Sunni-Shiite Tension Boils in Iraq, Gulf over Bahrain

Reuters Arabic reports that the Saudi invasion of Bahrain on Monday has inflamed sectarian passions in Iraq. Likewise it has angered Iran, which openly condemned the move. Sectarian tensions are boiling throughout the Gulf.

Security forces, possibly including Saudi troops, moved Wednesday morning against the hundreds of protesters still camped out at the Pearl Roundabout downtown. Eyewitnesses told CNN of gunfire and plumes of smoke rising during the assault on unarmed, peaceful civilians.

On Tuesday, hundreds had been wounded as troops fired on protesters, thousands of whom marched on the Saudi embassy. The five leading Shiite clergymen warned of an impending massacre and called on the UN and other international bodies, as well as on Shiite authorities elsewhere, to forestall it.

Aljazeera English has video:

There are roughly 560,000 citizen residents of Bahrain, about 370,000 of which are Shiite Muslims (i.e. about two-thirds of the population). The king and the court and a minority of citizens are Sunni. There are also 300,000 Indian expatriates, about a third of them Hindus, along with other guest workers who bring the total population to 1.2 million.

On Monday some 1000 Saudi fighters, along with some from the United Arab Emirates, came in to protect the Sunni King from Shiite demonstrators, some of whom had been calling for his overthrow.

King Hamad bin Issa Al Khalifa on Tuesday declared a 3-month state of emergency, effectively forbidding further demonstrations by the Shiite majority.

Reuters reports:

Strict Wahhabi Saudi Arabia carefully regiments its own Shiite population (about 12%) in the oil-rich Eastern Province, and is thought to have been concerned that the Bahrain protests might encourage Saudi Shiites to follow suit.

Likewise, because of the popularity of the ideas of Ayatollah Ruhollah Khomeini, leader of the 1979 revolution against the Shah, some Shiites are republicans in the sense of rejecting monarchy, and both the Saudi and Bahrain dynasties fear them as Gulf Tom Paines.

In fact, most Saudi and Bahrain Shiites have simply been calling for constitutional monarchy and parliamentary governance, a call that is controversial only because both governments are absolute monarchies. Saudi Shiite cleric Tawfiq al-Amer was briefly jailed for demanding a constitutional monarchy.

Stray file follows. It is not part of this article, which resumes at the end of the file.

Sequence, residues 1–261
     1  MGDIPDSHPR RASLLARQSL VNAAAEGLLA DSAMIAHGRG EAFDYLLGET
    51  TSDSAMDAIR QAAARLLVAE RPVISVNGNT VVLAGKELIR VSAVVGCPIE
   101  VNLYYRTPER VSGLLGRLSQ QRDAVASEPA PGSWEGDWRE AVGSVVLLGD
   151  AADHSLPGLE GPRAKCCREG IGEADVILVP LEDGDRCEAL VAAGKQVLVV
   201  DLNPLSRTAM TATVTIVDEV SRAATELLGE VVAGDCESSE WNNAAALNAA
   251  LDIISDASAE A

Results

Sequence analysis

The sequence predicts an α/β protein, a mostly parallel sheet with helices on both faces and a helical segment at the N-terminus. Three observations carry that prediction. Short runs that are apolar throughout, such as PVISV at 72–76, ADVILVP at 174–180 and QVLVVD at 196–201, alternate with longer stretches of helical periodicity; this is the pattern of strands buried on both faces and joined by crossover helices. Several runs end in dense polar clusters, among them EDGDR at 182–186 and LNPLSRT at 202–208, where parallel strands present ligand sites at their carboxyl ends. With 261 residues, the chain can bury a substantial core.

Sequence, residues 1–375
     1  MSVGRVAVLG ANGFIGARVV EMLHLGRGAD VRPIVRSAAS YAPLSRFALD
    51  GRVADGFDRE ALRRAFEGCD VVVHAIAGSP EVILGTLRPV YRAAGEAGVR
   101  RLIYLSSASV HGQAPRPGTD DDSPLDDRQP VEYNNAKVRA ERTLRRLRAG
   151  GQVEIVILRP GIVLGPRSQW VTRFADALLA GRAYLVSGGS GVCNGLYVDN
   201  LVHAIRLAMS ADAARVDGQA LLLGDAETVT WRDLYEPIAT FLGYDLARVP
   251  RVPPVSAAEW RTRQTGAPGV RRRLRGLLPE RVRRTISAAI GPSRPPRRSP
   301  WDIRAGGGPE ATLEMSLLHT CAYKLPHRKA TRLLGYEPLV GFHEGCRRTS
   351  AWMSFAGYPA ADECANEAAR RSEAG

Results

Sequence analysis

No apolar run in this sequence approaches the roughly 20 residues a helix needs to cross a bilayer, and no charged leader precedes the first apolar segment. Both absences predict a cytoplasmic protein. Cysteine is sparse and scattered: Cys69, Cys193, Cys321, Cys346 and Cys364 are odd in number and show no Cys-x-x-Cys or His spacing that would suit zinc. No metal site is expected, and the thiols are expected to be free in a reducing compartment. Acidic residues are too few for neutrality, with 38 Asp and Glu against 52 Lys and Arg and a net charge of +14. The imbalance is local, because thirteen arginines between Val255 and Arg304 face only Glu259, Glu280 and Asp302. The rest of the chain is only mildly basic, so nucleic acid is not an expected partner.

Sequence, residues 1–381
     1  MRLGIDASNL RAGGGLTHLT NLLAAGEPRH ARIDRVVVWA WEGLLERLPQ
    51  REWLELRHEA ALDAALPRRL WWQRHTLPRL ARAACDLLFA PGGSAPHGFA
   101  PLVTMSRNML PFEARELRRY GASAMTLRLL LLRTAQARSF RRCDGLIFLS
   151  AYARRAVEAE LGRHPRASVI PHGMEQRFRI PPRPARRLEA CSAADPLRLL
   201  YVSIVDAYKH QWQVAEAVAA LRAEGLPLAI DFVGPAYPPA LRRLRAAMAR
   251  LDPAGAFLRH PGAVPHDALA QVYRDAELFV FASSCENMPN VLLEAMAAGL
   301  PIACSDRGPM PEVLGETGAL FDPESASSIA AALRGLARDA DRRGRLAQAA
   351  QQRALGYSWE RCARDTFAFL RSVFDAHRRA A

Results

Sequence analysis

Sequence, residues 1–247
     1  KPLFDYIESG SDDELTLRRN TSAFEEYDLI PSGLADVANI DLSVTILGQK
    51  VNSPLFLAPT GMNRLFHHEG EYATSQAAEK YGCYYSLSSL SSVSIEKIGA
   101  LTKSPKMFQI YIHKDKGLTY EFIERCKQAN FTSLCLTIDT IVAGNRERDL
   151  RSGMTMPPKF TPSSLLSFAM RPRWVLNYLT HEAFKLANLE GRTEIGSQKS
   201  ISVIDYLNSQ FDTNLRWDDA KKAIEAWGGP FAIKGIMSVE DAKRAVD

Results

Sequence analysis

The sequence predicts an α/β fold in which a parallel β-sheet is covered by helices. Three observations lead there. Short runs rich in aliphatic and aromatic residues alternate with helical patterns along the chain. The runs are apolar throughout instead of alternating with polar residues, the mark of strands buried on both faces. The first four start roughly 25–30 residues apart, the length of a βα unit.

Iran angrily denounced the Saudi troop presence in Bahrain, authorized by the six-nation Gulf Cooperation Council (GCC). Ali Larijani, speaking on behalf of the Iranian parliament, said, “The Islamic Consultative Assembly (parliament) cautions the regional states that they should not imagine such a military intervention, which is happening at the US orders, would have no costs.” Iran is 90% Shiite and is ruled by a Shiite cleric.

Persian Gulf

Persian Gulf

Meanwhile, Reuters Arabic reported that the Bahrain events divided Iraqis along sectarian lines. Shiite cleric Muqtada al-Sadr, who has long opposed US troops in Iraq, said that any intervention against the desires of a majority of Bahrainis represents tyranny. He described what was happening in Bahrain as “a popular revolution and a revolution of the truth, the quashing of which is completely forbidden.”

Khalid al-As’adi, a member of parliament from the Shiite State of Law coalition led by Prime Minister Nouri al-Maliki, said that the Saudi intervention and that of other Sunni countries, at the invitation of the Bahrain government, will only exacerbate the sectarian struggle. Iraq is 60% Shiite and is ruled by a coalition of Shiite religious parties.

In contrast, Sunni attorney Ahmad Yunus alleged that only the naive could fail to see Iran’s hand in Bahrain’s protests

18 Responses

  1. Thank you, professor, Juan Cole, for your analysis and insight.

    Your “Informed Comment” is very much appreciated.

  2. Interview with Bahraini protester trying to get to Pearl (Lulu) square link to

    Interview with Bahraini doctor who cannot get into the Sulmaniya hospital because of the military blockade link to

    These interviews should get transcripts within a few hours, but audio is available now

  3. Any word on whether there really is a hand in the Bahraini revolution by Iran? As a Shi’a I can attest to the mistreatment of Shi’is throughout the Arab world. One only needs to look at the comments made on Al-Jazeera stories about Bahrain to get an idea of how we are treated. It basically boils down to some sort of racist ideology, where other Muslims believe that killing Shi’is is not only permitted, but highly favored.